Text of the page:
There are plenty of things to miss during the pandemic—family, live music, etc. We all have the universal things we miss, and we all have the individual things we miss. I miss the library. The bleak, post-Christmas winter is my favorite time to camp out in the quiet spaces of Columbus Metropolitan Library’s Main Branch and fill notebook pages with research. Which is why I’m excited to see that the library will finally be open for browsing and limited services starting February 8.

 

Even during the library’s closure, CML’s website has been extremely helpful to me, especially early in the pandemic when I wanted to write an article on how Columbus dealt with Spanish Influenza more than a century ago. But there are certain things in the library that just can’t be found without being there in person—often for the simple reason there is so much more in this world that hasn’t been digitized than you might think.

 

CML has been particularly essential to researching my current work in progress, Arch City—a murder mystery set in during the Grand Army of the Republic reunion, which took place in Columbus in September of 1888. The problem with conducting research on what Columbus was like during that one particular week in 1888 Columbus is that Columbus is simply not a famous enough city to have that information readily available online. The only solution for a writer who wants to do deep and specific research on such an un-famous place is the local library.

 

Through the CML website, I was able to obtain editions of the Columbus Dispatch (or the Columbus Evening Dispatch, as it was called back then) for each day of the week I’m writing about. There I found details about where General William Tecumseh Sherman dined one evening, what music the bands played, which thieves were arrested for which crimes, which streetcar line would take you to see the Columbus Senators play baseball, and so on. The advertisements along the sides of the newspapers gave me an idea of what businesses my characters might be shopping at or passing by on their way about the city.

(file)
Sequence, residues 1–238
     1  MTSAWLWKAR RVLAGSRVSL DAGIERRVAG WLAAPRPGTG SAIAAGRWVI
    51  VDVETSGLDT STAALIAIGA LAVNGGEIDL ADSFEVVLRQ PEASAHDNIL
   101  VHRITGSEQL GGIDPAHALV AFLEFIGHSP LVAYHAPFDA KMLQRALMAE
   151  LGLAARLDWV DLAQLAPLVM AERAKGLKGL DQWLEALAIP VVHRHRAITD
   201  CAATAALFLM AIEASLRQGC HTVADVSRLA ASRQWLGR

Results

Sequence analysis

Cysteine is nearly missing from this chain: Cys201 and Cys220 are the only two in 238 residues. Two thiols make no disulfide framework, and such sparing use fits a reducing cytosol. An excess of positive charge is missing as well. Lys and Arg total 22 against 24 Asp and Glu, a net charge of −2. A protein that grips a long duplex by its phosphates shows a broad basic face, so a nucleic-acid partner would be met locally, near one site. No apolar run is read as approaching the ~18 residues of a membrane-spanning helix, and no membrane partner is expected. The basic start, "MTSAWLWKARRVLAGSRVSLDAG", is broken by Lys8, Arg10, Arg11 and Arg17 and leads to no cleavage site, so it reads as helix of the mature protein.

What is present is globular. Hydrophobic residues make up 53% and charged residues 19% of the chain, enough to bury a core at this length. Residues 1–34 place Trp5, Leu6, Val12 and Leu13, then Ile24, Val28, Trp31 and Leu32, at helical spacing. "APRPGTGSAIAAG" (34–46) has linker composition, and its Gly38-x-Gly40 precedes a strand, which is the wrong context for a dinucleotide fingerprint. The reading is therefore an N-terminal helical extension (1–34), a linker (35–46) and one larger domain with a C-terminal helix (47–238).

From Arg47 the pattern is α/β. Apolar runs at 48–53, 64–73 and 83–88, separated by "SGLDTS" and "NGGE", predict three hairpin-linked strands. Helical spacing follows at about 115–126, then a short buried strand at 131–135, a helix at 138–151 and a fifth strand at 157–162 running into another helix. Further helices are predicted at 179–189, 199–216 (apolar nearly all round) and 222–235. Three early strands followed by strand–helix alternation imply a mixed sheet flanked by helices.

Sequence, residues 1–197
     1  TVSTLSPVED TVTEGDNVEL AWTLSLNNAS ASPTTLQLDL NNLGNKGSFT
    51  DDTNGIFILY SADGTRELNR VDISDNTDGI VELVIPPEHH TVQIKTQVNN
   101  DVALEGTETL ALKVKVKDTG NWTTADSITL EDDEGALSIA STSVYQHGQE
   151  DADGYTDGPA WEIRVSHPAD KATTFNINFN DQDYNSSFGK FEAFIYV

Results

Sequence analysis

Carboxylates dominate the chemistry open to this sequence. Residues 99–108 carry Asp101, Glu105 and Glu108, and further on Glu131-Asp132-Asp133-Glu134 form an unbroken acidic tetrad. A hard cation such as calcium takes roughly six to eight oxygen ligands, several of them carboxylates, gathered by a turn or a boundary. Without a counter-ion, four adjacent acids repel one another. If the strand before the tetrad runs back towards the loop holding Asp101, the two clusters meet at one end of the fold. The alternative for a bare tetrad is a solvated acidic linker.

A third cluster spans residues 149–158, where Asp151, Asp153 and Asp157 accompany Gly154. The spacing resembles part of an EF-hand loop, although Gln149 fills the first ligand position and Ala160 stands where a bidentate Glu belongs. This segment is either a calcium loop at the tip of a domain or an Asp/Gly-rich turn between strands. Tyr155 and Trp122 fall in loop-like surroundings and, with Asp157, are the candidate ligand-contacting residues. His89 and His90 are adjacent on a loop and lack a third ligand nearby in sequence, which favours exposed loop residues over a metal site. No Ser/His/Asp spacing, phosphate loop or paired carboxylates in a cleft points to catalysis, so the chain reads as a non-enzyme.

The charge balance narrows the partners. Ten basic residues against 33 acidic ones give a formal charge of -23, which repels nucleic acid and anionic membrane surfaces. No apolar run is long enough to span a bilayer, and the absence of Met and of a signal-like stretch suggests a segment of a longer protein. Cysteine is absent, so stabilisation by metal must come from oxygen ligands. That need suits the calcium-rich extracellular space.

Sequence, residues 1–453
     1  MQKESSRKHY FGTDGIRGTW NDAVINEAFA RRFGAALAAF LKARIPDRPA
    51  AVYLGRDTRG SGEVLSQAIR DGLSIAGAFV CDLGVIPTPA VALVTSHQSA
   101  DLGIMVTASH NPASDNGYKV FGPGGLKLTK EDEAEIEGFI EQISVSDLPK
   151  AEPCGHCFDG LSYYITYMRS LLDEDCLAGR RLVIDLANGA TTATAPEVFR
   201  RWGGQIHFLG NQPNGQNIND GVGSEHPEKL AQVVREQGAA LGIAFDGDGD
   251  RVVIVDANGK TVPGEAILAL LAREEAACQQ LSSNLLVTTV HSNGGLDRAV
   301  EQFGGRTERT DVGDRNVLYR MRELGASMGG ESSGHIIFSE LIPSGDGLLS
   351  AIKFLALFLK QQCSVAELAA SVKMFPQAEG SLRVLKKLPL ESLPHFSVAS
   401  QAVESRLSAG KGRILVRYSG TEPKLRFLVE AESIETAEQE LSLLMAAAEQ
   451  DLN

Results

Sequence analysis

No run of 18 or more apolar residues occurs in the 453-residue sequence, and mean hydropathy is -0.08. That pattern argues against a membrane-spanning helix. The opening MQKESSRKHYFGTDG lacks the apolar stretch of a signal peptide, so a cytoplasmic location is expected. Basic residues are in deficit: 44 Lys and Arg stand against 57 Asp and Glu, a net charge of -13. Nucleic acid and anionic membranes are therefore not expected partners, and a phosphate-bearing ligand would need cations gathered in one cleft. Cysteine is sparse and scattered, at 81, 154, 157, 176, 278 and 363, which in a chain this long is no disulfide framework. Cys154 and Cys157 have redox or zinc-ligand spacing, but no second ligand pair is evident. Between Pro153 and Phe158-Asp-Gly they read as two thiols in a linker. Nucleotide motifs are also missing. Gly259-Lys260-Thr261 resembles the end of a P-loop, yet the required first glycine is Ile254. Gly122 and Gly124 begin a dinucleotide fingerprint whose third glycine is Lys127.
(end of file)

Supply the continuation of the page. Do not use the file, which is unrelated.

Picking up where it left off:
By far the favorite item I found in these papers was a note in the international section—“Another Horrible Murder Committed By The Midnight Assassin In London.” Annie Chapman had just been murdered by the man who would come to be called Jack the Ripper.

 

But while the library’s website has provided so much in the way of broad strokes, and probably will continue to do so, I’ve found that the local history archives at CML’s Main Branch is essential for filling the gaps I need to fill. From the extensive volumes of annual city reports, I was able to find rosters of the police and detective force in 1888, lists of yearly murders and other crimes, the locations of each police box in the city.

 

An example of how influential this information could be on narrative is when I wanted to write about John E. Murphy, the superintendent of the Columbus Police at the time of the GAR Reunion. At first, in my online research, all I could find was his name and some mention of his activities and movements during the week I’m writing about. But Murphy is just a minor character, so I started writing his scenes with just a basic description from my own imagination.

 

But then as it happened, I found an old article about Superintendent Murphy in the local history archives at Main Library, one that included not only biographical information about the man, but his accomplishments in Columbus, his subsequent leadership of the U.S. Secret Service office in St. Louis, and even an illustration. From these facts, I was able to completely re-write the chapters he appeared in, writing a lengthier and much more accurate description for Murphy. From just one stroke of research luck at Main Library and I was able to more fully draw a character.

 

So I’m happy to hear things are finally looking good enough that the library might be open, even on just a limited basis. I’ll still miss a lot of things from before the pandemic, but being able to sit in the quiet of Main Library and dig up some valuable little kernels of information will feel just a little more normal.